Henderson, '23; Clarence Peterson,
'23; H. A. Hart, '22; Frederick Marin,
'24; A. J. Schmid), '23; R. E. Watt,
'24; G. F. Gower, '22; A. G. Oliver, '24;
A. H. Dobbs, '24.

You Won't have to shun your
friends or feel ashamed to go
to a social gathering of any
kind, when your clothes are
Energined

Our. Mvotto:QUQALITY,I

It's Odorless

Swissilized Garments Stay Clean L

State SavingsBn
Cyr.Plain dnd Washington

Phone
2508

"die iXome of 8nergine"

4th

/

Capta, 300,000 Surplus $3000#000

Resources $4,000,000

4. There should be a cabinet in
which the three above named bodies
of the college, and the non-professorialI
members of the teaching staff, have
representation.
5. Officers and committees neces-
sary for the work of each of the three
constituent groups or bodies of the
college. The executive officers of the
faculty should be either voting or ex-
officia members of the cabinet. It
should be tli eright and duty of these
executive officers to suggest educa-
tional policies and to formulate the
budget, which, when adopted by the
faculty, they should also administer.
6. The maximum only of the budget
should be determined by the lay board.
Property and funds should be held in
trust for the faculty corporation by
established investment and banking
companies, selected and advised by the
executive officers of the college and
by the lay board.
Purpose Explained
7. Such a college, if a new institu-
tion, should seek to serve the employed
classes and others not provided for by
edsting institution. It shoulduse its
fredoin for the purpose of pioneering
in the\ field of higher education and
should hold closely to "quality produc-
tion," Those twho are able should
pay tuition -Iharges sufficient to cover
cost per studelt for the operation of
the institution. Ample funds should
be provided for scholarships, equip-
ment,endendowmen*. Public school
buildings with their equipments and
public libraries mightwell be used in
the' early and experimental period.
ALUMNUS TELLS OF
STEARNS DISPLA Y

4

Coming Soon
CHARLES (OHIO) SALE
America's foremost delineator
of rural typed
in
"HIS NIBS"
Lives seven ,different
Characters
REMEMBER HiM INT
VAUDEVILLET
An Exceptional Picture
ALSO
ETHEL CLAYTON
- In --
"HER OWN MONEY"

a

STARTING TODAY
Cay Par e
and away we bo
Tov Follow Lovein texico!
Then under Siam 's sunny,
skies We find at -last.

I.'.

,x* .'
,+ ,

.t"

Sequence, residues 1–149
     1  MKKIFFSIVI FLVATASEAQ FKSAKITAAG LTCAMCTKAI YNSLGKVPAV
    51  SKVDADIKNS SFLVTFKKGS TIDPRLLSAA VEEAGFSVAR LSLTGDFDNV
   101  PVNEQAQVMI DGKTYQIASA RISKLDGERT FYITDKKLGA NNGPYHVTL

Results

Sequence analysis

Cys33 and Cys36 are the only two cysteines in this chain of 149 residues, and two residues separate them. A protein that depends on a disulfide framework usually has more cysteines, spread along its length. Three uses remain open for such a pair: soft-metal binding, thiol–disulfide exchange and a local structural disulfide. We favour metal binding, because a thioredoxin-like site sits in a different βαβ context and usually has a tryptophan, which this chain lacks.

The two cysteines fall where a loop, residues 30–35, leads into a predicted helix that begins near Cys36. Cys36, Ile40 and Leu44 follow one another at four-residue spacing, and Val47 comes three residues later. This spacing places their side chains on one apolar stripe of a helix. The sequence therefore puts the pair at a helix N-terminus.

--

N

FOOL S

RA D-IS E,'

1I

CpcilB.De Mule's
GRAND EXCURSION OF ENTHRALLING
ADVENTURE {
'WITH

ns Musical collection, as
and described in a book
A. Stanley, formerly head
1 of Music, is the princ,,al

_,~.

DOROTHY DALTON
MILDRED HARRIS
JULIA FAY E

CONR AD NAGEL
THEODORE KOSLOFF
JOHN DAVIDSON

..

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Thrilling events on the Mexican Border, seething with deeds of bandits, gamblers and soldiers of fortune
A vast and gorgeous temple in a towered City Beautiful, built on teeming lagoons.
' ances Siamese, dances Parisierine; and marvelous skating dancers whirlingthrough the Ballet of Ice.
'Hundreds of alluring beauties of the Orient, bewitchingly attired.
Strange heathen rites of hordes of worshippers in jewelled cloth of gold.
Spectacular uses of elephants, bears, snakes, peacocks, crocodiles and dogs.
(The crocodile fight is the most blood-stirring sensation ever shown on the
screen Y)
What the Newspapers Said:
"Fool's Paradise"'willkeep you on the edgi
of your seat at least three-fourths of the time.
-N. Y. Sun.
"One of the big films of the season."-Phila
Bulletin.
"Gorgeous scenic effects, superb, photogra
- phy, splendid acting, originality of theme an(
treatment."-N Y. Evening Mall.
"The' Criterion is still at B'way & 44th St
and the film is really worth the trip."-N. Y
Evening World.
"Absorbing play in pictures."-N.. Y. Herak
"Contains practically everything De Mill
has given evidence of loving to put on th
- . screen-"-N. Y. Times.
"The picture is staged with all the grandeu
"- that is De Mille and the cast is excellent."-
N. Y. Tribugne.
Playing Today in Detroit at Grea